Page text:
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dc.contributor.advisorTwomey, Sean A.en_US
dc.contributor.authorPilewskie, Peter Andrew.
dc.creatorPilewskie, Peter Andrew.en_US
dc.date.accessioned2011-10-31T17:15:10Z
dc.date.available2011-10-31T17:15:10Z
dc.date.issued1989en_US
dc.identifier.urihttp://hdl.handle.net/10150/184674
dc.description.abstractA ground-based near-infrared spectroradiometer was built and used to measure relative spectral reflectance from cumulus congestus and cumulonimbus clouds during the 1985 and 1986 Arizona summer monsoon seasons. Thermodynamic phase was inferred from spectral features in the regions between 1.55-1.75μm and 2.1-2.3μm where there are distinct differences between absorption in liquid water and ice and absorption by water vapor is very weak. Although liquid water and ice are nearly transparent in the visible, they absorb weakly in the near-infrared and that absorption is amplified by multiple scattering in clouds. Reflectance measurements are simple to make, requiring neither high spectral resolution nor absolute detector response. Three distinct aspects of differences between absorption in liquid water and ice were used to infer phase: (a) Ratio of the signal at 1.65 μm to that at 2.2 μm; (b) Wavelength of peak signal in the 1.65 μm water vapor transmission window; (c) Half-bandwidth of the 2.1-2.3 μm feature. Representative spectra are presented and analyzed on the basis of the predicted behavior of liquid water and ice cloud absorption. The results are consistent with young cumuli rapidly glaciating as they reach cooler levels, well before evidence of anvil formation or fibrous structure, contrary to the notion that phase can be inferred from visible cloud features.
dc.language.isoenen_US
dc.publisherThe University of Arizona.en_US
dc.rightsCopyright © is held by the author. Digital access to this material is made possible by the University Libraries, University of Arizona. Further transmission, reproduction or presentation (such as public display or performance) of protected items is prohibited except with permission of the author.en_US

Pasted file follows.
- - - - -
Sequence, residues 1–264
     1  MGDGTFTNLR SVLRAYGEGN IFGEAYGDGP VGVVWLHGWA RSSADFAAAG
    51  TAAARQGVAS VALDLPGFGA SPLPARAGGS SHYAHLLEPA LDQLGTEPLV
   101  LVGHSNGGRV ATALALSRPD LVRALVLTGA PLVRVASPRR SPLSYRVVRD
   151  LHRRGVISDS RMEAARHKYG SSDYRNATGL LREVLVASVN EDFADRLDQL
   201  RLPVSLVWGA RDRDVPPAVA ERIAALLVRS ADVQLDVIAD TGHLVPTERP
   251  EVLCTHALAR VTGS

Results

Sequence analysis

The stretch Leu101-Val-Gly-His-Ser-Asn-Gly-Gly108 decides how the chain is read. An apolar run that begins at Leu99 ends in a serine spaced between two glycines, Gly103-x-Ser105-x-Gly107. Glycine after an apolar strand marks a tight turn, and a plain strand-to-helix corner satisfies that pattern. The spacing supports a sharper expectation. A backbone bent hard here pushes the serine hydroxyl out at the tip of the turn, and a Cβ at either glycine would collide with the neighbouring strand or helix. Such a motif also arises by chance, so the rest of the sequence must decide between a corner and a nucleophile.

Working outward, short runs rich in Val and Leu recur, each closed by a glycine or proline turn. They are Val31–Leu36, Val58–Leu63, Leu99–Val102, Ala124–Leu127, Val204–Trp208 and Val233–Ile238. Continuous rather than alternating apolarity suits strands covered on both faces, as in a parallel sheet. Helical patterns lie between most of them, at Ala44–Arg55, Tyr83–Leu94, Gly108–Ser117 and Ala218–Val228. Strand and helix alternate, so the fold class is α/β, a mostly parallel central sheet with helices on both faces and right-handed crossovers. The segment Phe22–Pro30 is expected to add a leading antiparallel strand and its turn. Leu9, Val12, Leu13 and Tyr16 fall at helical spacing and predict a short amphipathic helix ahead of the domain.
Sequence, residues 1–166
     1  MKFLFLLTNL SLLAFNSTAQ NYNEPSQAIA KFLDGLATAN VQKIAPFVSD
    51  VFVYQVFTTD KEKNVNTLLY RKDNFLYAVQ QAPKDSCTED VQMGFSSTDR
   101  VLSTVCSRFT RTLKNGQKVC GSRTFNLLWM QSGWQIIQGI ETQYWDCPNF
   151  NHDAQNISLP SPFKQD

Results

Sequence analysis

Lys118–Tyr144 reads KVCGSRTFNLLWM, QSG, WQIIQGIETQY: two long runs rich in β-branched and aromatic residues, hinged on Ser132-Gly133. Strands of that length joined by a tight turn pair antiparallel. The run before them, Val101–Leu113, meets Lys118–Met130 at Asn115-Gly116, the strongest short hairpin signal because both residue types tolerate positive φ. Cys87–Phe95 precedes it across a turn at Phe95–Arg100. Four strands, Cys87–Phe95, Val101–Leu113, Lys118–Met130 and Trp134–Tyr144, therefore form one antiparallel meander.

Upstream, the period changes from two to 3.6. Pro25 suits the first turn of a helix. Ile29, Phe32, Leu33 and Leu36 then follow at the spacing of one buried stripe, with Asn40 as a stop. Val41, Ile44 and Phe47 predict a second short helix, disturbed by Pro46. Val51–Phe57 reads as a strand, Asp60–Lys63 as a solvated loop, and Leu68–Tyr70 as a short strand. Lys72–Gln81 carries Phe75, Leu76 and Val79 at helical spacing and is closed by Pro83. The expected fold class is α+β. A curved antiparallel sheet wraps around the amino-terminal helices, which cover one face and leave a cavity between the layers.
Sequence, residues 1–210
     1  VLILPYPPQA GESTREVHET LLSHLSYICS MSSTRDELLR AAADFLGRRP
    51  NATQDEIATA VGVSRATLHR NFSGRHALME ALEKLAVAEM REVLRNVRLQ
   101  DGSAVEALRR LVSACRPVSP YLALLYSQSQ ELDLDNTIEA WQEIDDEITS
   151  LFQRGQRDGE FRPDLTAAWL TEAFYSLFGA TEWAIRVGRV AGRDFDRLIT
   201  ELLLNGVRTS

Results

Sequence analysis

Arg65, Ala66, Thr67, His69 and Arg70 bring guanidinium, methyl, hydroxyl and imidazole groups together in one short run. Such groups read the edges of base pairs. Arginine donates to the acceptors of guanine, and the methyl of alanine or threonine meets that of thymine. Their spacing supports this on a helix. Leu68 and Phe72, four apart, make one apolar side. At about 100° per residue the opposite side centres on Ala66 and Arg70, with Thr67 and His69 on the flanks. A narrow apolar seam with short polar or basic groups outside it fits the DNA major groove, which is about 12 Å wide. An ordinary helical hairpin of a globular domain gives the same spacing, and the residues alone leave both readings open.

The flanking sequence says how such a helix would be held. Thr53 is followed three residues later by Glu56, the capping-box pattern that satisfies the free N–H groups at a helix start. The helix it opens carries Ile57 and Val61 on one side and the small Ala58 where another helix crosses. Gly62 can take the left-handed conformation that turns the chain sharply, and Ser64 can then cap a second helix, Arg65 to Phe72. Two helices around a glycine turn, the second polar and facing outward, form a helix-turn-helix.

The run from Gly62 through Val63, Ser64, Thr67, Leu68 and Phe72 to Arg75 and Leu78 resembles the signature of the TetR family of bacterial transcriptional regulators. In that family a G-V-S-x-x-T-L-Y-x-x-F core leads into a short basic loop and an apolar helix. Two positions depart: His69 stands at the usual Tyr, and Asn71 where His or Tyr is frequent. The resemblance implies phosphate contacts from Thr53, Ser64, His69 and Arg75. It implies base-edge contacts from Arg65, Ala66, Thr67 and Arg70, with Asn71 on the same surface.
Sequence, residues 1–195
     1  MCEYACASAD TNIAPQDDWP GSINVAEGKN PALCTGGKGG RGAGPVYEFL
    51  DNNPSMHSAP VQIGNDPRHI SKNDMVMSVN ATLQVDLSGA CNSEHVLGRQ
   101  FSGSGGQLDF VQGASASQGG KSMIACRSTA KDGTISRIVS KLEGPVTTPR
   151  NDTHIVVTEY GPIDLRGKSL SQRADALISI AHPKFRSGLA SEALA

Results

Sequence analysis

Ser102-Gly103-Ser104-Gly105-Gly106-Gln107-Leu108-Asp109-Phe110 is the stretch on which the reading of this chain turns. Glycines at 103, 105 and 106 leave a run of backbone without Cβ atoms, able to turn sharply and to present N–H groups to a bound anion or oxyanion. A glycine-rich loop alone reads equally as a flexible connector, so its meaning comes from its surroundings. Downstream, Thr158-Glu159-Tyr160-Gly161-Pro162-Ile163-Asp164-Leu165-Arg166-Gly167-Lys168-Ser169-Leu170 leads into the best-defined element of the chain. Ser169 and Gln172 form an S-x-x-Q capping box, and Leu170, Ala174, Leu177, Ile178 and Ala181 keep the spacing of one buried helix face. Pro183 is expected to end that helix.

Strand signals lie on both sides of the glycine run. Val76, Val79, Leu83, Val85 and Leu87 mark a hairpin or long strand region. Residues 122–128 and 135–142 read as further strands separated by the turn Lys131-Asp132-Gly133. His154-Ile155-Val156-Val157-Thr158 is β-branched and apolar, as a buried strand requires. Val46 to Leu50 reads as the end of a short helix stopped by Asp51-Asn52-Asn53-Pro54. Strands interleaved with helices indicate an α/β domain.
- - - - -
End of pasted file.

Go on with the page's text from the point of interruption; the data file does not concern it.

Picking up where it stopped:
dc.subjectClouds -- Dynamics.en_US
dc.subjectClouds -- Moisture -- Measurement.en_US
dc.subjectClouds -- Remote sensing.en_US
dc.subjectThunderstorms -- Arizona.en_US
dc.titleCloud phase discrimination by near-infrared remote sensing.en_US
dc.typetexten_US
dc.typeDissertation-Reproduction (electronic)en_US
dc.identifier.oclc702371647en_US
thesis.degree.grantorUniversity of Arizonaen_US
thesis.degree.leveldoctoralen_US
dc.contributor.committeememberHerman, Benjamin M.en_US
dc.contributor.committeememberYoung, Kenneth C.en_US
dc.contributor.committeememberHuffman, Donald R.en_US
dc.contributor.committeememberKessler, John O.en_US
dc.identifier.proquest8915982en_US
thesis.degree.disciplineAtmospheric Sciencesen_US
thesis.degree.disciplineGraduate Collegeen_US
thesis.degree.namePh.D.en_US
refterms.dateFOA2018-08-22T20:15:38Z
html.description.abstractA ground-based near-infrared spectroradiometer was built and used to measure relative spectral reflectance from cumulus congestus and cumulonimbus clouds during the 1985 and 1986 Arizona summer monsoon seasons. Thermodynamic phase was inferred from spectral features in the regions between 1.55-1.75μm and 2.1-2.3μm where there are distinct differences between absorption in liquid water and ice and absorption by water vapor is very weak. Although liquid water and ice are nearly transparent in the visible, they absorb weakly in the near-infrared and that absorption is amplified by multiple scattering in clouds. Reflectance measurements are simple to make, requiring neither high spectral resolution nor absolute detector response. Three distinct aspects of differences between absorption in liquid water and ice were used to infer phase: (a) Ratio of the signal at 1.65 μm to that at 2.2 μm; (b) Wavelength of peak signal in the 1.65 μm water vapor transmission window; (c) Half-bandwidth of the 2.1-2.3 μm feature. Representative spectra are presented and analyzed on the basis of the predicted behavior of liquid water and ice cloud absorption. The results are consistent with young cumuli rapidly glaciating as they reach cooler levels, well before evidence of anvil formation or fibrous structure, contrary to the notion that phase can be inferred from visible cloud features.


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